OK, you are not able to use the easiest ways to boost it - they include:
1) Waiting til full retirement age or OLDER, up to age 70, to start collecting at all. ----- You are too late for this.
2) If one did start early (opting for a lower amount in exchange for more months paid), stopping/suspending that benefit once one is of full retirement age (66), until one is 70. ---- Unfortunately, you are too late for this one also. You already collected 8 X 12 = 96 extra payments that you wouldn't have gotten had you delayed til age 70.
Depending on your prior or current marital situation, and how the numbers work, you could also:
1) If you are married, look into whether you are eligible for a more favorable spousal benefit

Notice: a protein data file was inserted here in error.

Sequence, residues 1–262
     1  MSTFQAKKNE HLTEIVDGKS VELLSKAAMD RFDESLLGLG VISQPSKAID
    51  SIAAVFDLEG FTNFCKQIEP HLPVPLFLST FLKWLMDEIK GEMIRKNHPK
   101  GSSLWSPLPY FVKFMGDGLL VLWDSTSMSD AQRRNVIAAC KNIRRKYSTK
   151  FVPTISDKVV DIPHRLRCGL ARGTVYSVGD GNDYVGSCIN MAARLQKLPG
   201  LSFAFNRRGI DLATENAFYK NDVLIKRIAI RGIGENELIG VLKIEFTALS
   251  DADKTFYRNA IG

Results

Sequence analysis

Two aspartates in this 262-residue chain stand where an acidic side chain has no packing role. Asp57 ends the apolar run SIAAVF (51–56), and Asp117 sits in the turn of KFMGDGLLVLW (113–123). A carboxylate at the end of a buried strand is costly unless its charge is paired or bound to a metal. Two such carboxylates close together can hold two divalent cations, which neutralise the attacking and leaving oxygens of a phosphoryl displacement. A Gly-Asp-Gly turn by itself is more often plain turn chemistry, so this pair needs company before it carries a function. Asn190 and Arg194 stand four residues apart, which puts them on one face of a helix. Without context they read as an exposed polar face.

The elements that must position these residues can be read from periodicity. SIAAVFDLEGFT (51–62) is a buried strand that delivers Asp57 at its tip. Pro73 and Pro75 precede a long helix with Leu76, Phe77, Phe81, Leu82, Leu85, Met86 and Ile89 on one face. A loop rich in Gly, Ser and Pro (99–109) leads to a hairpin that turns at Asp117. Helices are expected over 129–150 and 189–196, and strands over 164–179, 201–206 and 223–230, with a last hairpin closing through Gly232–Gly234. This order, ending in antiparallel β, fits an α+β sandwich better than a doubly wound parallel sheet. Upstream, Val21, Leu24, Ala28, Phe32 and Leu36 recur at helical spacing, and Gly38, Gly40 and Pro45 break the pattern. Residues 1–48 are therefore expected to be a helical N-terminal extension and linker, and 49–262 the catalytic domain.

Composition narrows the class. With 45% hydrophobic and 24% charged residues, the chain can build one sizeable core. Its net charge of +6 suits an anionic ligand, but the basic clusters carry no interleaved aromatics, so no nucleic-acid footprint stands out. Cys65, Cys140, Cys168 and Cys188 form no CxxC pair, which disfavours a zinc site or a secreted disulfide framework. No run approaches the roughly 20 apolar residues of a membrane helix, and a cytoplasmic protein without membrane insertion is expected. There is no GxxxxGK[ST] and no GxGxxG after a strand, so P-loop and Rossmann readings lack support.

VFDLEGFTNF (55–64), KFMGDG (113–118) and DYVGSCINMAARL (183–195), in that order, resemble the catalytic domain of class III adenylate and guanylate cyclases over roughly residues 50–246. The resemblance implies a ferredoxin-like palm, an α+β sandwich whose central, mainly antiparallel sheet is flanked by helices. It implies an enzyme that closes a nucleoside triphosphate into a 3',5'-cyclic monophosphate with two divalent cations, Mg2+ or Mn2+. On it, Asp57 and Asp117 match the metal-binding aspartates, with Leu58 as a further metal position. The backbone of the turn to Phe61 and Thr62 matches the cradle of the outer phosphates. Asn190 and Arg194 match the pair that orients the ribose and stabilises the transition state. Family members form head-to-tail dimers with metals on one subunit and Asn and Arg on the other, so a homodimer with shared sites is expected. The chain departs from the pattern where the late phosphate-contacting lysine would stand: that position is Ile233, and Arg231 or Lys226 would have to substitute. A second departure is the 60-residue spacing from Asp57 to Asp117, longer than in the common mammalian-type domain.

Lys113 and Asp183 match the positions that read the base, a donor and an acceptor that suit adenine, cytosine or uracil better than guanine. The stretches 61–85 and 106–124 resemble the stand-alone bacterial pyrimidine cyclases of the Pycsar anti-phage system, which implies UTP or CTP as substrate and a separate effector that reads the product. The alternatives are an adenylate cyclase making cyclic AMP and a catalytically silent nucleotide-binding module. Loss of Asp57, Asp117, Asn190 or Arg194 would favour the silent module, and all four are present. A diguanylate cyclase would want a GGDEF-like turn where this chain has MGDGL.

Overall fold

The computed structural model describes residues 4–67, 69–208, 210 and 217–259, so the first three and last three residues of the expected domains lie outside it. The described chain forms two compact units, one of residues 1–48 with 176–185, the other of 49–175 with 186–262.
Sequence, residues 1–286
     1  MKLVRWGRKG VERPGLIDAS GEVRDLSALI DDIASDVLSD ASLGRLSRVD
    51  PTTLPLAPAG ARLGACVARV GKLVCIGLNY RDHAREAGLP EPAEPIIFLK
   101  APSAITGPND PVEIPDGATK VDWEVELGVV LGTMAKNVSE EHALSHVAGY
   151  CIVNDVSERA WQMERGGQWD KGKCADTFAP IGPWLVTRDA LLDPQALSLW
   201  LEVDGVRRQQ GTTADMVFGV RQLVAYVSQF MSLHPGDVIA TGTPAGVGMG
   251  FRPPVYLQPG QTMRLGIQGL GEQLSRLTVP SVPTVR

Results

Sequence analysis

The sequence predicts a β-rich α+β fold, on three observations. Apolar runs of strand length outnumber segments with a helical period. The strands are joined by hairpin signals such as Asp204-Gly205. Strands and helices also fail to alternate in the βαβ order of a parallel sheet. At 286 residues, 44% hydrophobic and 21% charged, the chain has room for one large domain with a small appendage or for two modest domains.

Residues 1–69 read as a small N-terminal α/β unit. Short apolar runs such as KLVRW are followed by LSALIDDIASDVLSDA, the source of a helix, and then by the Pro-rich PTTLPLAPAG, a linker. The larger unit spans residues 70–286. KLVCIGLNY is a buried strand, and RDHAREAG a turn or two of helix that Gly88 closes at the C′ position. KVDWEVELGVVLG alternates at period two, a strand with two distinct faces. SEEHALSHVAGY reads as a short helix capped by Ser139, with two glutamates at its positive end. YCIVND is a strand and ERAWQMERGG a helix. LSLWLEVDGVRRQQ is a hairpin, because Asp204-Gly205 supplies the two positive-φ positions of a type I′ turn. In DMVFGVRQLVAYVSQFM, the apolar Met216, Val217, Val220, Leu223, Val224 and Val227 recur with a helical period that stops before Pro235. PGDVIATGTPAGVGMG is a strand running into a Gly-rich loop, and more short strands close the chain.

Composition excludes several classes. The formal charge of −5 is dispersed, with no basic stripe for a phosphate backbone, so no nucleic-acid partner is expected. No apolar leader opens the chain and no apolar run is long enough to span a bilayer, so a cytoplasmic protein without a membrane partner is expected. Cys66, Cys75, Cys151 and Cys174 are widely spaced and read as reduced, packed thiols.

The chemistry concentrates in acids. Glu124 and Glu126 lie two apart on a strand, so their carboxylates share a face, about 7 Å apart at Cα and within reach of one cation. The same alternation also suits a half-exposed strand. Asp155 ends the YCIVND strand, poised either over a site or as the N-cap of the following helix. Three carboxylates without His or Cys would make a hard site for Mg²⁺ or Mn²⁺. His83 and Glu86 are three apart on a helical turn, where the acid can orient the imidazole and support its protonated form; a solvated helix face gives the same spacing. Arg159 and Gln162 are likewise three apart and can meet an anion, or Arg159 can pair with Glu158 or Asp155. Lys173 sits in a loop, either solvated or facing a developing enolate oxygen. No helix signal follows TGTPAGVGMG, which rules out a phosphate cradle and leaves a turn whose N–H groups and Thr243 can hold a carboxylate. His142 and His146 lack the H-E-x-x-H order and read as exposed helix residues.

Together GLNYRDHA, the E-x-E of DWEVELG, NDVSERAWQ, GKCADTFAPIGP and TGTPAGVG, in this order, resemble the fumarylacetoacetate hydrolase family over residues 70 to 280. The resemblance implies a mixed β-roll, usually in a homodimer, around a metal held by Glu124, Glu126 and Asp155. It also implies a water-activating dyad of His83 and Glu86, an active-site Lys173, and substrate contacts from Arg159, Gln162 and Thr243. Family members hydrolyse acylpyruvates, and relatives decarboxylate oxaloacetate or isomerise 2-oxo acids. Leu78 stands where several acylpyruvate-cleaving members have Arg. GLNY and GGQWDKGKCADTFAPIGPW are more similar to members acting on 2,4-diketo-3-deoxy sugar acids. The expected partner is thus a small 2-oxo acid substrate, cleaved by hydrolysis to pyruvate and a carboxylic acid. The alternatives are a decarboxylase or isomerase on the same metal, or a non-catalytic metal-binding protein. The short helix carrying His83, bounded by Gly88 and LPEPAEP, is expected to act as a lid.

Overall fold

2) If you WERE married but divorced, and the marriage was at least 10 years, look to see if there is a more favorable divorced spouse benefit you could switch to.
3) If any prior spouse is deceased, and he/she either died when you were married to him/her or after divorce (and you were married at least 10 years), you can get 100% of his/her benefit, if bigger than your own (and switch to it)..
That leaves one rare method left, which won't work for many people, only some people. It may work for you:
*If you don't have 35 years of strong work income, but can work now for 1 or more years, to get closer to 35 years of strong income (upon which you pay SS taxes), you can increase your benefit. The further you are away from 35 strong years of income, the more impact all new years of income will have on your benefit.